Vladimir Ashkenazy Recital = CHOPIN: Scherzo No. 4 in E Major, Op. 54; Nocturne in B Major, Op. 62, No. 1; DEBUSSY: L’Isle joyeuse; RAVEL: Gaspard de la Nuit – Vladimir Ashkenazy, piano – Decca “The Originals”

by | Aug 30, 2007 | Classical Reissue Reviews | 0 comments

Vladimir Ashkenazy Recital = CHOPIN: Scherzo No. 4 in E Major, Op. 54; Nocturne in B Major, Op. 62, No. 1; DEBUSSY: L’Isle joyeuse; RAVEL: Gaspard de la Nuit – Vladimir Ashkenazy, piano

Decca “The Originals” 475 8499, 45:21 [Distrib. by Universal] ***:

This reissue of the 1965 Ashkenazy recital on LP maintains the original French program intact, which may not appeal to the collector who prefers a longer disc, one that perhaps could have attached Ashkenazy’s work from the same period in Chopin and Bach with conductor David Zinman. At the time, Ashkenazy had been making his reputation (after the Tchaikovsky Competition, where he shared honors with John Ogden) as the hot young firebrand, big on bravura in the Horowitz tradition.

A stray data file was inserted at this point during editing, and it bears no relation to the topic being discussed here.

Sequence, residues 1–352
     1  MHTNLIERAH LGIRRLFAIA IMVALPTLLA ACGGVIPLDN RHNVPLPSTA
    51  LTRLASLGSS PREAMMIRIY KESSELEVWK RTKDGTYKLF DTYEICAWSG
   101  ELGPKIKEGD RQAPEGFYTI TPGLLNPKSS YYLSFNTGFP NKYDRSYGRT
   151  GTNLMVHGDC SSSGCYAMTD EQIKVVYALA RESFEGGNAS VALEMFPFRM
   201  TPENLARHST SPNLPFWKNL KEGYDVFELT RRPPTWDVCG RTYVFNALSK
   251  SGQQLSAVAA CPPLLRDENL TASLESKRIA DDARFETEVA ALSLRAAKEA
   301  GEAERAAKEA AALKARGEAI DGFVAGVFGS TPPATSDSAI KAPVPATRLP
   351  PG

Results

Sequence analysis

The E Major Scherzo of Chopin, a curious admixture of skittish mercury and the darker hues of Romantic Agony, Ashkenazy carries off quite well, and in vivid, colored sound from Decca engineers. The upper register and bass block chords shine without that overtone ping that plagues many keyboard inscriptions. [Or does it just plague many Steinways?…Ed.] The warmth of the Scherzo’s trio transfers well into the Nocturne in B, one of the last Chopin studies in harmonic rhythm and subtle modulation that point to worlds he did not live long enough to explore further.

Debussy’s Isle of Joy glistens with a particularly hard edge, if not the lacquered hammers with which Horowitz realizes this boldly inventive piece. Ashkenazy maintains both its dazzling filigree and its water elements in exquisite balance. Ravel’s knotty Gaspard de la Nuit suite, a favorite of the arch-pedalist Gieseking, traverses the Bertrand world of nymph to nightmare with breathless but not shapeless agitation. Stunning repeated notes and staccati, a fierce underlying pulse throughout. Quite splendid keyboard artistry; it’s just that I wanted more for my CD buck.

— Gary Lemco               

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